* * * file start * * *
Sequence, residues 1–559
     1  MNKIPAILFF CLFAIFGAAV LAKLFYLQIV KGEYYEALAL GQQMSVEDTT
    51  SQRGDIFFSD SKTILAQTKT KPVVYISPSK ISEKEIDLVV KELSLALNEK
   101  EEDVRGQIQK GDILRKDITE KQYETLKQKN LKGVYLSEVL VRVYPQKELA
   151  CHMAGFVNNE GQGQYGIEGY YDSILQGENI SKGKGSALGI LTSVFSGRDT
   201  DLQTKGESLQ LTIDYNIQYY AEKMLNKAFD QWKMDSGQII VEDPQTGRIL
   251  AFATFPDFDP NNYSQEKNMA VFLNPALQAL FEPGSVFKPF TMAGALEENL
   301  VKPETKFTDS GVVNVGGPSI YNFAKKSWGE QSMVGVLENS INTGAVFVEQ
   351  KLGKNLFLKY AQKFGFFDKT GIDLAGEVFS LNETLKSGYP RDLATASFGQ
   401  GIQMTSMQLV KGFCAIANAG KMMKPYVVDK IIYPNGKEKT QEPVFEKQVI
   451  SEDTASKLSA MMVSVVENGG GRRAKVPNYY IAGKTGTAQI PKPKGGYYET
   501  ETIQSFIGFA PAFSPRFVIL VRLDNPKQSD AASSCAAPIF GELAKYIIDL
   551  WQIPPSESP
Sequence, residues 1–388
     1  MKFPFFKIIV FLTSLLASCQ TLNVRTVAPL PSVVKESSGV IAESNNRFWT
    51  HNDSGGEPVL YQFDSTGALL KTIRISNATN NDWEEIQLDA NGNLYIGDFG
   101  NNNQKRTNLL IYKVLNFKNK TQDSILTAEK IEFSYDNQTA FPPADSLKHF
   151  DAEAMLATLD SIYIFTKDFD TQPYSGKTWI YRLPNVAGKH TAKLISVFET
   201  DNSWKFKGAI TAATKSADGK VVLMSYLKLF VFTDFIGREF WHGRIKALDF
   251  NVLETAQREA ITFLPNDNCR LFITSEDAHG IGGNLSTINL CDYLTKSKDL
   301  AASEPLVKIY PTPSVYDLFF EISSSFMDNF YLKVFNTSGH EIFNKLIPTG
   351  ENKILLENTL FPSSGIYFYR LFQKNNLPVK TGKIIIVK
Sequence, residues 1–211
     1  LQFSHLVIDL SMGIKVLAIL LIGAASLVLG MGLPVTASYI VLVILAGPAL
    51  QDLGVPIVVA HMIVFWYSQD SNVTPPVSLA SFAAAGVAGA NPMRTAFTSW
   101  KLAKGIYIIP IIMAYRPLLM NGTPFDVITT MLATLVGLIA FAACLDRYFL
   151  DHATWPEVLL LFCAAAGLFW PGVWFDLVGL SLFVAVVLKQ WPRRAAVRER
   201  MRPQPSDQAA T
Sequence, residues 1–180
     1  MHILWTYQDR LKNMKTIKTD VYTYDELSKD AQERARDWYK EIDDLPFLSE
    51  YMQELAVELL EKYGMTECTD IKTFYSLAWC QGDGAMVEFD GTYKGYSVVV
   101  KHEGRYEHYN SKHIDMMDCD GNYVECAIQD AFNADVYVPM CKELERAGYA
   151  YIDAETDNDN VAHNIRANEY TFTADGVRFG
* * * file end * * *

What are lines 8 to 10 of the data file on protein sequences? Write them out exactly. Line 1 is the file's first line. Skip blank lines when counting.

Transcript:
   301  VKPETKFTDS GVVNVGGPSI YNFAKKSWGE QSMVGVLENS INTGAVFVEQ
   351  KLGKNLFLKY AQKFGFFDKT GIDLAGEVFS LNETLKSGYP RDLATASFGQ
   401  GIQMTSMQLV KGFCAIANAG KMMKPYVVDK IIYPNGKEKT QEPVFEKQVI